Getting into fighting games is a daunting task. Learning complex mechanics and applying them on the fly with difficult inputs while the opponent gives little breathing room has always been a part of the genre. Guilty Gear Strive attempts to alleviate some of these accessibility problems and make newcomers feel welcome.
Strive currently has 19 distinct characters with their own playstyles, strengths, and weaknesses. Some prefer controlling the space with distant attacks, while others rush the opponent down with fast melee combos. I am constantly amazed by how different they all play, and trying them out is fun as there aren’t that many difficult personal inputs for each character. Once the player is familiar with one fighter, making the switch to another is an interesting learning process.
The game is also filled with universal tools that take a long time to use efficiently. Luckily, there is an extensive tutorial mode, with numerous missions that explain even the most advanced features of the game. It says a lot that some of these tutorial missions are brutally hard, but they are optional and skippable for when the player feels ready to learn a new mechanic. This mode is very effective at teaching a new player about the workings of the game. There is also the classic but important training mode, where one can freely try out their character without pressure from an opponent.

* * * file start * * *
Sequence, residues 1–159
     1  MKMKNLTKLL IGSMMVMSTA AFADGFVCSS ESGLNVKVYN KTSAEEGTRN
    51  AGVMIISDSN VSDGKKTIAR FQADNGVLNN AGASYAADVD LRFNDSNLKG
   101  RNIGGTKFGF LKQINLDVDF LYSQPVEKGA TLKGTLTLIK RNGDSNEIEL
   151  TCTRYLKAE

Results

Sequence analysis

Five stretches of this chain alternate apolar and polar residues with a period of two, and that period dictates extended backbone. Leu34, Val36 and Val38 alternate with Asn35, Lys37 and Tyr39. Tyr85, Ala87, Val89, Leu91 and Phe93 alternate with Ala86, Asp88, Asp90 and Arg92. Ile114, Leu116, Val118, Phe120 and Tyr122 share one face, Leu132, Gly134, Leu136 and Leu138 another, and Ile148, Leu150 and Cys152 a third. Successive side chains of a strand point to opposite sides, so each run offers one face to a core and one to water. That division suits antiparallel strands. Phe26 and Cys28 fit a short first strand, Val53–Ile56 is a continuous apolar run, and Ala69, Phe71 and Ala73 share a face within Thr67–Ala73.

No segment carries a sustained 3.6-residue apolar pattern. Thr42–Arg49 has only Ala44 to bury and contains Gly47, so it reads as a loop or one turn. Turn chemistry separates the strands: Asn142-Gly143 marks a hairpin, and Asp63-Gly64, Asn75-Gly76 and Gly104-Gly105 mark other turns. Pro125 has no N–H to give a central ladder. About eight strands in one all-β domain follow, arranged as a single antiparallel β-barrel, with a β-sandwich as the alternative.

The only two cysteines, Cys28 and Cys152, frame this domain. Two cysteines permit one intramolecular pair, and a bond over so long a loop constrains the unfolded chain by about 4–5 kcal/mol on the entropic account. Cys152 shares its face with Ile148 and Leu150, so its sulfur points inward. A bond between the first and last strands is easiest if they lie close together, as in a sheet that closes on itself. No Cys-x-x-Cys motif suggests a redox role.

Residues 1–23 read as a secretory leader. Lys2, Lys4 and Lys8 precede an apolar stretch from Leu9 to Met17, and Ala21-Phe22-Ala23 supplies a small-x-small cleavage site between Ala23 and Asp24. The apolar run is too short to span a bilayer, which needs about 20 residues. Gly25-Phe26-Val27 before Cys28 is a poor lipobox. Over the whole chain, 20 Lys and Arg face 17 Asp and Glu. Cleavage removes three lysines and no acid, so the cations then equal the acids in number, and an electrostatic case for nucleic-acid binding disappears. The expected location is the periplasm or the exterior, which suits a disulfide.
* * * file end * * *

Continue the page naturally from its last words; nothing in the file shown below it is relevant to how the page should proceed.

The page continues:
Eight months after release, the game has a healthy playerbase. This can be attributed to new DLC characters being released every few months, as well as a great matchmaking system. Players fight their (nearly lag-free) matches in a tower with eleven floors, and regardless of the level, opponents are found quickly. Players are quickly promoted or demoted depending on their wins and losses. A player cannot fight on lower levels, but they can do so on higher floors if they have been there before. I think the floor amount is appropriate, as it does not spread the players so thin as to affect wait times, but there is still a notable difference in combatants’ skills when moving between floors.
One area where the game pulls no punches is its music. There is a joke circulating among the fans about a new Guilty Gear release being a rock album that just happens to include a game with it. There is a large variety of rock and metal, but there are even some cheerful pop songs to be found. The characters’ themes fit them well while maintaining creativity and quality that is hard to find among fighting games. The player can even spend in-game currency to buy tracks from earlier entries, which can then be selected for use in battles. Overall, I find the soundtrack to be a large part of why I keep going back to the game and enjoying the fights.
There is a caveat that is a common problem in fighting games: there is very little single-player content. Fighting a computer gets old fast, and the arcade and survival modes that are based around that are therefore not very interesting. The story is literally a movie with no gameplay. In my opinion, a player has to be willing to spar against other people to truly enjoy the game. Finding the motivation to get better despite losing many times to others is also important. In that way, it is a rather demanding game, with some dropping it in ten hours and others making it a part of their daily routine.
In conclusion, Strive is still a typical fighting game despite its great tutorial. However, its style makes it very charming, and the online system encourages even newcomers to keep playing. There is much here for fighting game players to enjoy and for anyone to appreciate.
Publisher: Arc System Works, Sega, Bandai Namco Entertainment Europe
Developer: Arc System Works
Platforms: PS4, PS5, PC
Release Date: June 11, 2021
Pictures: Screenshots taken by the author